The release of Make Mine Music must have left the members of the Music Department at the Walt Disney Studios with mixed feelings.
Oh some of the songs featured in this cobbling of animated elements would have been the intellectual property of Disney. These might have included “Two Silhouettes”, “All The Cats Join In”, and the arrangement of “Casey (The Pride OF Them All)”
But the mix also included a romantic Mexican ballad, which followed the trail blazed by Saludos Amigos and The Three Caballeros.
And here was a jazz standard, written back in 1918, and beloved by most jazz and swing musicians of he time. And–betting in the lead-off position, yet!–there was a decade-old pseudo-hillbilly novelty song.
“The Martins And The Coys” was written by Al Cameron and Ted Weems. Weems had been leading a dance orchestra for almost fifteen years when he penned this novelty. He had developed a base of popularity in the Middle West, and had lengthy engagements at such venues as the Aragon and Trianon Ballrooms in Chicago.
There were a plentitude of vocalists in the Weems organization, including a relative newcomer–a former barber from Pennsylvania who got the romantic ballads. His name was Perry Como.
“The Martins And The Coys” was given to Elmo Tanner, a singer who was best-known for his accomplished whistling–as demonstrated on the famous recordings of Weems’ unique arrangement of “Heartaches”.
When Weems began featuring this song on broadcasts, he did not have a recording contract. By the time he had one with Decca Records, there were already covers of the song on lower-priced marques.
The “dime-store” labels of the American Record Company had a version by friendly-voiced singer Chick Bullock, with a studio band billed as “his Levee Loungers”. And the Bluebird label–the low-priced label of the mighty RCA Victor concern–had a version billed under the pseudonym of the Chicago Rhythm Kings. Uncredied vocal on that one was by the prolific, versatile Dick Robertson. Here’s a link to that.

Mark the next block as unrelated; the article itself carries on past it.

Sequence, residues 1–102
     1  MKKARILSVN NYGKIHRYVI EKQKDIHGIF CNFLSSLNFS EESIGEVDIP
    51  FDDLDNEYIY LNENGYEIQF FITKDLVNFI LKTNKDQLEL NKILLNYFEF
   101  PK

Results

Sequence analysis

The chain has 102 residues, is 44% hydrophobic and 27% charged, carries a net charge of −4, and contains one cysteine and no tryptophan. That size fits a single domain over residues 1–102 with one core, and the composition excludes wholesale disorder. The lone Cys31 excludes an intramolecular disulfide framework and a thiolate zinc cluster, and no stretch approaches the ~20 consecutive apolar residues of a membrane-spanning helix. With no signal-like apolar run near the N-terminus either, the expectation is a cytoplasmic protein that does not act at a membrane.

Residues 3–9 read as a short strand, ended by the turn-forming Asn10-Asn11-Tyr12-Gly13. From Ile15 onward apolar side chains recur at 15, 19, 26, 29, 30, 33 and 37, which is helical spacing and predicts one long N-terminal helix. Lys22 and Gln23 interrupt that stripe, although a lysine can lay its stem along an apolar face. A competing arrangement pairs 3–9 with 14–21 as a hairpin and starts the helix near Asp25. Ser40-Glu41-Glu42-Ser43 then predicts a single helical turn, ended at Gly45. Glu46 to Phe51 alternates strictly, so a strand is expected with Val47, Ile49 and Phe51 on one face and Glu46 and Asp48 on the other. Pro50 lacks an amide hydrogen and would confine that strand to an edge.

This song became, if not a standard, one that got revived whenever an act needed some special material. Australian country singer Tex Morton recorded a fleet version of this piece in 1938, down in Sydney. The Jesters–a popular vocal that specialized in novelty songs–recorded it for Decca in 1941. There is also a film of them doing it (possibly from a Soundie) – and here it is:
As recently as the late 1960’s, Ed McMahon (!) sang it on a broadcast of Hee Haw, assisted by he cast of that hillbilly hoe-down.
The King’s Men, who supplied the singing on he soundtrack of “Make Mine Music” got to sing it on a broadcast of “Fibber McGee And Molly”.
And there was a “party record” – and even a sequel written. Ted Weems also introduced “The Young’uns Of The Martins And The Coys” in 1939. He recorded it, as did a novelty combo known as the Hoosier Hos Shots, who were featured regularly on “The National Barn Dance:” over WLS (Chicago) and the NBC Blue Network.
All this continuing to promulgate the idea that folks in the Southern mountains wold reach for their shootin’ irons if they got into a dispute with a neighboring family. Which happened often enough in real life!
Here’s the Disney version: